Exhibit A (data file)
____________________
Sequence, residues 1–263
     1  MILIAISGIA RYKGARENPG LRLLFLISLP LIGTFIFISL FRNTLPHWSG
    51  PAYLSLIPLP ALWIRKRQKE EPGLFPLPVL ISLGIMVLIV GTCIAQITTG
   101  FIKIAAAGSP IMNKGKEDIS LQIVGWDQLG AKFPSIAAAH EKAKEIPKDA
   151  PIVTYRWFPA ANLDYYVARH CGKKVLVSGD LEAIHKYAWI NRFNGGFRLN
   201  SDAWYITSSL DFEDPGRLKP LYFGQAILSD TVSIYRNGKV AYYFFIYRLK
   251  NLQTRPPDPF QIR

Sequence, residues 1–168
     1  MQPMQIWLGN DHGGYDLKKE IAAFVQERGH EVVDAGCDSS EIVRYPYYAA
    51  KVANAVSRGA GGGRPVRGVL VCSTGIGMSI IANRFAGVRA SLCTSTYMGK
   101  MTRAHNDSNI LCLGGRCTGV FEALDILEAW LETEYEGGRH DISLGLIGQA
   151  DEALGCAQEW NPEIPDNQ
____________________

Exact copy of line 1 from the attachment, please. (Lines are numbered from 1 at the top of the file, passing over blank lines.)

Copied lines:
Sequence, residues 1–263